Supreme Court says 25% of ex-husband’s net salary a `proper` amount as alimony
The amount of maintenance or permanent alimony must be enough to ensure that a woman lived with dignity after divorcing her husband, said the Supreme Court.
New Delhi: The Supreme Court has said that 25 percent of the husband’s net salary could be awarded to the dependent estranged wife as alimony.
The amount of maintenance or permanent alimony must be enough to ensure that a woman lived with dignity after divorcing her husband, said the court.
"Twenty-five percent of the husband's net salary would be just and proper to be awarded as maintenance to the (former) wife. The amount of permanent alimony awarded to her must be befitting the status of the parties and the capacity of the spouse to pay maintenance, which is always dependent on the factual situation of the case... and the court would be justified in moulding the claim for maintenance passed on various factors," The Times of India quoted a bench of Justices R Banumathi and MM Santanagoudar as saying.
The bench, however, made the observation while reducing the alimony amount of a divorced woman, holding that her ex-husband had to run his new family.
A resident of West Bengal's Hoogly, who earns Rs 95,527 a month, has now been directed to give Rs 20,000 as maintenance amount to his ex-wife and their son. The Calcutta High Court had ordered the man to pay her Rs 23,000 per month. Albeit the SC observed that there was nothing wrong in the HC order, yet it cut down the amount by Rs 3,000 in the wake of the fact that the man had remarried and hence needed to provide for his new family.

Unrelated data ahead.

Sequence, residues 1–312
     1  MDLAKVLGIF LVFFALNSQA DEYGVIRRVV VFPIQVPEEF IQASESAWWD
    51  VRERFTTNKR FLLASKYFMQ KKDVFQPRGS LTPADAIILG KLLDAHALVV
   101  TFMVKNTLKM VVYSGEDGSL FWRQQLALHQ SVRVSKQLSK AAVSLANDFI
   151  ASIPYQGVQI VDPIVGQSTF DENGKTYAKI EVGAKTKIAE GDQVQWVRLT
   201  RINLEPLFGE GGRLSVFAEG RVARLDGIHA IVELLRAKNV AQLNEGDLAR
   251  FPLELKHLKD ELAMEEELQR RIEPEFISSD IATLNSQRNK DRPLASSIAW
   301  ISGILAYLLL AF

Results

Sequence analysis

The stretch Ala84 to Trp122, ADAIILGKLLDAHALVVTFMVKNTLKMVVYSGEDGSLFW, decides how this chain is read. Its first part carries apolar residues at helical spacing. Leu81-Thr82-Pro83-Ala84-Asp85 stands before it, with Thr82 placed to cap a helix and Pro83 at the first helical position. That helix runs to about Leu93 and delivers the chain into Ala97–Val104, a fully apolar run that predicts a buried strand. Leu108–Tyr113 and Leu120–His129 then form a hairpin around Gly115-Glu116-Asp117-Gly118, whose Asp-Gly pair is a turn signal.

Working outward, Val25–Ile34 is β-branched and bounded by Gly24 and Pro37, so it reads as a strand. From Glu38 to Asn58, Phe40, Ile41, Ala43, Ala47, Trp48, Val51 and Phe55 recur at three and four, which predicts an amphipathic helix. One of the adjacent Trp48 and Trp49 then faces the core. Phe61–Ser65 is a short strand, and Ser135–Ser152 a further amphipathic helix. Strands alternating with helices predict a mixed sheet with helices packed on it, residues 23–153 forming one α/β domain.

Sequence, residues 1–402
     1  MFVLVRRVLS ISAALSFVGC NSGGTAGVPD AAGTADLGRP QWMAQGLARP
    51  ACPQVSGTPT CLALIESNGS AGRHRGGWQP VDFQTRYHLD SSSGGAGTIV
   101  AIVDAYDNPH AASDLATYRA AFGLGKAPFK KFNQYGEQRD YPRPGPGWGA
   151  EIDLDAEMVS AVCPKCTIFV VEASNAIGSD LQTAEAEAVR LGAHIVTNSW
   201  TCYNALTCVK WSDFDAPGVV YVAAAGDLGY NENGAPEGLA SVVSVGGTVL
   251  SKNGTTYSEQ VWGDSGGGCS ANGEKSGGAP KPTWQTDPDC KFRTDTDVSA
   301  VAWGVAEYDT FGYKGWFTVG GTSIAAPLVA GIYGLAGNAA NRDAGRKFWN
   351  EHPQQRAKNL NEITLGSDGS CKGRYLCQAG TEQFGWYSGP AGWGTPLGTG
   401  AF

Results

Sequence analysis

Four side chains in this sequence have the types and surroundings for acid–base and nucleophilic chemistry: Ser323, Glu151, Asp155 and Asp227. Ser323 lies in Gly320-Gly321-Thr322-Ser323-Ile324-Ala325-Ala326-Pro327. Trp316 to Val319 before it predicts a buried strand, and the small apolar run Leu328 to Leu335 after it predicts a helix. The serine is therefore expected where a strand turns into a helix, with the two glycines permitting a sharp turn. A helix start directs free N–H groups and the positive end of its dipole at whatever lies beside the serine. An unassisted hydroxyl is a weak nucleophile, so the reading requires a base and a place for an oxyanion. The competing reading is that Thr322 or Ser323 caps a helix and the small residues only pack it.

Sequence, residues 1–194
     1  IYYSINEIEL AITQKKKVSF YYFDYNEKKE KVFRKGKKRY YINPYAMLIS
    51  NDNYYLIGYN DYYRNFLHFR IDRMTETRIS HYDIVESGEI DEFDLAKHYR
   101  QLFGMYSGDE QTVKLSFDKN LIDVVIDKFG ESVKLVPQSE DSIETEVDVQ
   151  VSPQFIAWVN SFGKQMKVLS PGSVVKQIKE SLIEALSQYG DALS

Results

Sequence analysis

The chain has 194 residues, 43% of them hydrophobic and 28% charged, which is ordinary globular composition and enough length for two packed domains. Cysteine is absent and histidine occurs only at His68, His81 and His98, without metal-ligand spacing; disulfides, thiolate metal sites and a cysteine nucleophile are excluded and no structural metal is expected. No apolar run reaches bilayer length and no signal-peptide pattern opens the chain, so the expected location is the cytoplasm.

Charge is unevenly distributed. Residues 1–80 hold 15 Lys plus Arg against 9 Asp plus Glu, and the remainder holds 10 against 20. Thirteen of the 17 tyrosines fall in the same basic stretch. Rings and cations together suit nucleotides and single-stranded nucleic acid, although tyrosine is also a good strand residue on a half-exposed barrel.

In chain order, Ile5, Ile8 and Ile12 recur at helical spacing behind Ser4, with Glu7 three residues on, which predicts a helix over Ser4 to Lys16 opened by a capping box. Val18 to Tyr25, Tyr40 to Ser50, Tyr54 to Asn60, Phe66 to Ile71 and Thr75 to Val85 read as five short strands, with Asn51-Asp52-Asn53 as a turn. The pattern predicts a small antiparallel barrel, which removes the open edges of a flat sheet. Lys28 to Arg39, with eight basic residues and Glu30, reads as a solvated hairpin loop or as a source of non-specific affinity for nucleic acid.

"...However, since the appellant has also got married a second time and has a child from the second marriage, we think it proper to reduce the amount of maintenance of Rs 23,000 to Rs 20,000 per month as maintenance to his (former) wife and son," the court said.
Rita Dey Chowdhury, who hails from Serampore in West Bengal, had been awarded Rs 16,000 a month as maintenance by the Calcutta High Court. However, the HC later increased the amount to Rs 23,000 in 2016 as the salary of her husband Kalyan Dey Chowdhury, who works at Malda Medical College, was revised from Rs 63,842 to Rs 95,527.
Chowdhury had pleaded that the original order of Rs 16,000 per month should be restored.
In 2016, the court had noted: “A Hindu woman's right to maintenance is a personal obligation so far as the husband is concerned, and it is his duty to maintain her even if he has no property... . It is well settled that under the Hindu Law, the husband has got a personal obligation to maintain his wife and if he is possessed of properties then his wife is entitled to a right to be maintained out of such properties.”